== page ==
In the News Continue reading
S.A.S v France (Application no. 43835/11) – read judgment
The Grand Chamber of the European Court of Human Rights has rejected a challenge to a French law which prohibits the wearing of veils in public. The ruling is, of course, of great political and media interest, but it is also significant from a legal perspective. In a lengthy and detailed judgment, the Court ultimately accepts that, as a matter of principle, a government can legitimately interfere with the rights of individuals in pursuit of social and cultural cohesion.
On 11th April 2011, Law no. 2010-1192 came into force in the French Republic. Subject to certain limited exceptions, the law prohibits anyone from wearing any clothing which conceals their face when in public places, on pain of a 150 euro fine, and/or compulsory citizenship classes. Whilst phrased in general terms, the most obvious effect of the law, and its clear intention, is to ban the niqab (a veil that leaves only the eyes visible) and the burka (a loose garment covering the entire body with a mesh screen over the face).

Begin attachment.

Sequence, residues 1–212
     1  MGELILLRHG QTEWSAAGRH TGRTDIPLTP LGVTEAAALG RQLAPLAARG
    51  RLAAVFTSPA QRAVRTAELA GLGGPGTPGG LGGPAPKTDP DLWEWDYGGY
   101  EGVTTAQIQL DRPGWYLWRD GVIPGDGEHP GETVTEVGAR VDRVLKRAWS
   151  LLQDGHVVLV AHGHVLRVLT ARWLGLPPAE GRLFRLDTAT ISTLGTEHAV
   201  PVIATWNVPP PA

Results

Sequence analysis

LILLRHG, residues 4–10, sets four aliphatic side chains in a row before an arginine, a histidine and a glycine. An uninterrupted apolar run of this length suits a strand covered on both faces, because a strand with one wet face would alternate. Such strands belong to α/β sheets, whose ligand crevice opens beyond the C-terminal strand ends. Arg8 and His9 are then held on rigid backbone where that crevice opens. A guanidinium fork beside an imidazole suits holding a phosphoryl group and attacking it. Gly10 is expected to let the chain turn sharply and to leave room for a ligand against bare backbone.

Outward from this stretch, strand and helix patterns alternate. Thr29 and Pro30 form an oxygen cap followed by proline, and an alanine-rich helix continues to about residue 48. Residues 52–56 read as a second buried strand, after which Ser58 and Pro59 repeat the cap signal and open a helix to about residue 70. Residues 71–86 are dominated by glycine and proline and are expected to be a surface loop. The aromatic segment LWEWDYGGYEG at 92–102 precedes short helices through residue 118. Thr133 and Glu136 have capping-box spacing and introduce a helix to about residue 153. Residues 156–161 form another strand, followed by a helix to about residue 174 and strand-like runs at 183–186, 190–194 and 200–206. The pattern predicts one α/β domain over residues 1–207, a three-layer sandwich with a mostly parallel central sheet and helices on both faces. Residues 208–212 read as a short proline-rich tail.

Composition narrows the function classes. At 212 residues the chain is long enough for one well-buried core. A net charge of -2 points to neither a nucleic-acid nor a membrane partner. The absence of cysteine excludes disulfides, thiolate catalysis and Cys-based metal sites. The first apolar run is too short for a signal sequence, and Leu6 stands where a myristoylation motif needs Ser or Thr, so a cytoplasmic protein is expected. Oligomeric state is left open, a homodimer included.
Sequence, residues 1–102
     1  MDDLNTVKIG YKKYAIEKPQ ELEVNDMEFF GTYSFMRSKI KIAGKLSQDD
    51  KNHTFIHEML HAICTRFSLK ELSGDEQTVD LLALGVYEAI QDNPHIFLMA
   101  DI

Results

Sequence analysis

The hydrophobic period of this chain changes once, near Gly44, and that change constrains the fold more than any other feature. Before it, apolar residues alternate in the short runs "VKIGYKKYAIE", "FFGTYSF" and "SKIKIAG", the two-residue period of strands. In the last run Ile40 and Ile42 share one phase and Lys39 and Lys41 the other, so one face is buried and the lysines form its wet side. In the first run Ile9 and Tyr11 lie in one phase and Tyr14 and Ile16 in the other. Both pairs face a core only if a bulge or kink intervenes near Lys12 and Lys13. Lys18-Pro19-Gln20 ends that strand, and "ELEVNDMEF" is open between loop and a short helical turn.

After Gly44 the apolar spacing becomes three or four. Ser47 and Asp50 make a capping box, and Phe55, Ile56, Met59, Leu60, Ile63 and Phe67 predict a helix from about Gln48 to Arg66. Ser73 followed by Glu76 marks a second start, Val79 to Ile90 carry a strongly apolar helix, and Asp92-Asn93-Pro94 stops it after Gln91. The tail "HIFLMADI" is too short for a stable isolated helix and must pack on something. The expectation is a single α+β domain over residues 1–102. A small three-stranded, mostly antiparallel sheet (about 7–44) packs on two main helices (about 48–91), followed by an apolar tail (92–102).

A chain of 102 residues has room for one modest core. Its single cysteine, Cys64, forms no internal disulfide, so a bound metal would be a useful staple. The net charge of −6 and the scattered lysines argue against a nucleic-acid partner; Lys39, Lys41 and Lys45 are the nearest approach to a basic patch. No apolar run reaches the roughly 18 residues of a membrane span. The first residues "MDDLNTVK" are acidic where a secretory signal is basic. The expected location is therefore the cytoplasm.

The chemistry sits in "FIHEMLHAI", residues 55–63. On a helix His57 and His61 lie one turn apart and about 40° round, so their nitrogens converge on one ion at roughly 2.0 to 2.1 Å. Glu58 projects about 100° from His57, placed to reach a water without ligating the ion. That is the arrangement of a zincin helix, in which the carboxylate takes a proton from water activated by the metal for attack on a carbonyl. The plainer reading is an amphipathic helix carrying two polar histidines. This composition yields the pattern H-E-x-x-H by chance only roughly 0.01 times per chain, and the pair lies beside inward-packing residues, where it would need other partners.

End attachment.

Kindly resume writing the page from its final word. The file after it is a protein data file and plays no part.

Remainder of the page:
Public Law Project v Secretary of State for Justice  EWHC 2365 – Read judgment / summary
Angela Patrick of JUSTICE has provided an excellent summary of this important ruling, which declared a proposed statutory instrument to be ultra vires the LASPO Act under which it was to have been made. The judgment is an interesting one, not least for some judicial fireworks in response to the Lord Chancellor’s recourse to the Daily Telegraph after the hearing, but before judgment was delivered.